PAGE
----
Dish & Drink KC: Two dazzling new bar experiences, pizza comes to Troost, and significant closings signal a rough winter ahead
Check it out: The Mercury Room opens downtown
Though it feels like news a bit out of a different time and universe, Kansas City this past week welcomed one of the most beautiful bars perhaps ever to grace our city, the Mercury Room. Located atop the high-rise apartment building Reverb (or REVERB, if you prefer, we don’t) at 1800 Walnut and bedecked with thousands of warm LEDs that almost look like fireflies, the Mercury Room comes from the same team that delivered the Monarch Bar on the Plaza and Verdigris in Leawood, including architect and entrepreneur David Manica, Christian Moscoso, Dominic Petrucci and Brock Schulte. It offers twinkly skyline views and plush furnishings, as well as an impressive (and impressively expensive) menu. Cocktails here start at $30, which is a tough price to swallow no matter how delicious, but it’s perhaps not quite so bad as it sounds: that $30 does include gratuity and will get you an aperitif or fresh juice, a cocktail, and a small bite created by James Beard-nominated chef Michael Corvino. So, definitely still $$ but on par with several other higher-end cocktail bars when it all shakes out. The menu here isn’t overwhelmingly large, either – there are 11 high-level cocktails to choose from, plus one $52 cocktail that is made with an 18-year-aged Japanese whiskey.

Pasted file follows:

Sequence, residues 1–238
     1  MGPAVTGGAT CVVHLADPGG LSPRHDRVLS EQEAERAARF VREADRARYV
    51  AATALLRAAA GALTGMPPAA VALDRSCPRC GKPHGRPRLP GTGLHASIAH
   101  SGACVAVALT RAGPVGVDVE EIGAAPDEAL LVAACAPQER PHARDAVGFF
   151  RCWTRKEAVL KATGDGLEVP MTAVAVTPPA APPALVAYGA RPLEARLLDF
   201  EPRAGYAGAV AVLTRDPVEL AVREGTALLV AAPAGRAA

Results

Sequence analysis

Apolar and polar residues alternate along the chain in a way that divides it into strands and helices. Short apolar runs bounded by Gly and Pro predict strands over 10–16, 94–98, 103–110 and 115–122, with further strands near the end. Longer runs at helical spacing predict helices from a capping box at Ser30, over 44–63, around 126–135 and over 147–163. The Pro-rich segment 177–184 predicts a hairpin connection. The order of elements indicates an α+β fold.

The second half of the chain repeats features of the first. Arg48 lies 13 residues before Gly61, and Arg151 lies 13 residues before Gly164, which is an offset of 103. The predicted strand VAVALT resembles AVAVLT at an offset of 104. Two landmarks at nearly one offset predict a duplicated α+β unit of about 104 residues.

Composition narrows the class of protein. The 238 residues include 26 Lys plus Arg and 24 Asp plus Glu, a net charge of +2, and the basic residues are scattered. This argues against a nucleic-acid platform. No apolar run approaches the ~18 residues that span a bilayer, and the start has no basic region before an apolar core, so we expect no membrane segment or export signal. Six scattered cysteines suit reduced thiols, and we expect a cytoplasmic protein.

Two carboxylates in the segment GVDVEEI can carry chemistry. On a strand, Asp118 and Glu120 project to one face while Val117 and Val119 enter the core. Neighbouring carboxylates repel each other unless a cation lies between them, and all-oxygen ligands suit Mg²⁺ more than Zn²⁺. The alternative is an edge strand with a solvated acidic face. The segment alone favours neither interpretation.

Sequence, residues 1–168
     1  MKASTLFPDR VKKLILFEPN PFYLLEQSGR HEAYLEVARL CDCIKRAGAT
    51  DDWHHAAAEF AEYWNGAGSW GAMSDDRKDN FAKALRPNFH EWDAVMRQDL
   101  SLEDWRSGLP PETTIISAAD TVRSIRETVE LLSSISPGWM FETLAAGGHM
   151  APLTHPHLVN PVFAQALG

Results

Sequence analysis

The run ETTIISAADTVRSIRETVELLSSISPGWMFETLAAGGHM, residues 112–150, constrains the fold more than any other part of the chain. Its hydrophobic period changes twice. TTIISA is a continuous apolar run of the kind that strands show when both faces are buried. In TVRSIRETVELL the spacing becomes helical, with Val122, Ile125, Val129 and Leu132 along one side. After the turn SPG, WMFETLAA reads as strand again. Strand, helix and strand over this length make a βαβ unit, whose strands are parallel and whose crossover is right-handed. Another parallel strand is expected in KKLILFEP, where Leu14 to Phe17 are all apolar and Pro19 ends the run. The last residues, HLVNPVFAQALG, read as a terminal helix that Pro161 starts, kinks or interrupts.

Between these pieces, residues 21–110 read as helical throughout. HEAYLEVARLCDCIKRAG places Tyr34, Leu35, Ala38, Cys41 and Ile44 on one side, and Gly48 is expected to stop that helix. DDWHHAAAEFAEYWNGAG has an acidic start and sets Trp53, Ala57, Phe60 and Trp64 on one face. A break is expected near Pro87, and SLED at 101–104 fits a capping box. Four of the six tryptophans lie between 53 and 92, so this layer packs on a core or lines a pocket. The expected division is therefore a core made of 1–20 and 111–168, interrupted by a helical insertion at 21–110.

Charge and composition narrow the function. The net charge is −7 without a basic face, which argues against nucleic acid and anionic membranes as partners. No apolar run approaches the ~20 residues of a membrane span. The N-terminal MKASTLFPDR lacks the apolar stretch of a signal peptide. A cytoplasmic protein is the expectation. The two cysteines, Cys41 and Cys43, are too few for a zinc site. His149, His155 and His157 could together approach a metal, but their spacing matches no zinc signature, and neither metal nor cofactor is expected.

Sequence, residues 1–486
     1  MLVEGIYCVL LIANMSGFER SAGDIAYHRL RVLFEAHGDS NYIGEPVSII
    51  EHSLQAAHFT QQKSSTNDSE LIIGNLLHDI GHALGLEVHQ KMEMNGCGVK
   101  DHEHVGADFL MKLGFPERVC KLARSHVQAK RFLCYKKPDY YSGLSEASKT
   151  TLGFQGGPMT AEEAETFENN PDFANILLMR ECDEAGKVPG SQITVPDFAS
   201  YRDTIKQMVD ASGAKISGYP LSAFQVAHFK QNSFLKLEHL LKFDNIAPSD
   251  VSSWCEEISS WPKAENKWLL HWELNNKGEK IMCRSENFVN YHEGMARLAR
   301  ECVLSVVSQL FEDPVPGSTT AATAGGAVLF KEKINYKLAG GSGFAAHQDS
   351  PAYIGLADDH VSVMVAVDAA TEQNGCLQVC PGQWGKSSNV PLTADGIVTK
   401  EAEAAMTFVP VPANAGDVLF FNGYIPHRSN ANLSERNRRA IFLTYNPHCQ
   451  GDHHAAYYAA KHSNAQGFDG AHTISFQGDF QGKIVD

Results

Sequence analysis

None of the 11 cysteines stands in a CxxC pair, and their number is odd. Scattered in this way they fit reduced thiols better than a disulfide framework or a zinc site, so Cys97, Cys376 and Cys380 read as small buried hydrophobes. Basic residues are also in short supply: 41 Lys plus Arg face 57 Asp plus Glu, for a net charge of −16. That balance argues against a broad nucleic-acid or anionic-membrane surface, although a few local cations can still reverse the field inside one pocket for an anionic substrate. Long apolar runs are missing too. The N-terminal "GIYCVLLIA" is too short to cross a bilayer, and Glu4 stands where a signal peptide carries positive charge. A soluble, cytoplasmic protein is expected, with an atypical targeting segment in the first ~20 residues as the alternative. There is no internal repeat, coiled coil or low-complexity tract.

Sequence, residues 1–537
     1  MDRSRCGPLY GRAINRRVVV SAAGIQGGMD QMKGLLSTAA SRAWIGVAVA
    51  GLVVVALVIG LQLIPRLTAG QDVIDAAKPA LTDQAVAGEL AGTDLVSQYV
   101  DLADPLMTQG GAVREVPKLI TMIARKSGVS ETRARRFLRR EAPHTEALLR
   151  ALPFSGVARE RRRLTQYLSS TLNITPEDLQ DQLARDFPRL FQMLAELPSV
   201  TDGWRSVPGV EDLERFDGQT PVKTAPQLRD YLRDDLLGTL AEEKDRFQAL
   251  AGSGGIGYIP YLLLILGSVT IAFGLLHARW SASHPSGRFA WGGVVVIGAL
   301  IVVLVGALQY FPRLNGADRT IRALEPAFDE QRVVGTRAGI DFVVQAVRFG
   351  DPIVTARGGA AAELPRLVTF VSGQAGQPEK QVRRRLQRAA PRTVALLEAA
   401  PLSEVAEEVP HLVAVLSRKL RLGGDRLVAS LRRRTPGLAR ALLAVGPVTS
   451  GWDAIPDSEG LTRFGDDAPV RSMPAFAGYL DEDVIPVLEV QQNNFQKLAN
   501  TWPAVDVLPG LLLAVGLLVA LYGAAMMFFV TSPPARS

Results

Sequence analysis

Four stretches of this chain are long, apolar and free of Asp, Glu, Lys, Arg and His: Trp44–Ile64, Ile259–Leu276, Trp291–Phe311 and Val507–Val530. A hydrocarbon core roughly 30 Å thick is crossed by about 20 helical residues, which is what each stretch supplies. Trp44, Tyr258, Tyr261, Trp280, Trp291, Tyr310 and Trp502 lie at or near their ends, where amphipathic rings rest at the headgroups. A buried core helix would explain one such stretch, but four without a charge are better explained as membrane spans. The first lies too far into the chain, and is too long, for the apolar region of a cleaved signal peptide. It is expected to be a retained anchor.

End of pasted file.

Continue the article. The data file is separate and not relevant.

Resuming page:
The Mercury Room is open from 4-10 p.m. Tuesday through Saturday. Make reservations ahead of time via Tock, and make note, there is a dress code (“smart casual cocktail attire,” which basically seems to mean jackets for men and no work-from-home sweats here). The bar is currently observing city restrictions and is only currently open to 14 guests at one time.
Also new: the Combine on Troost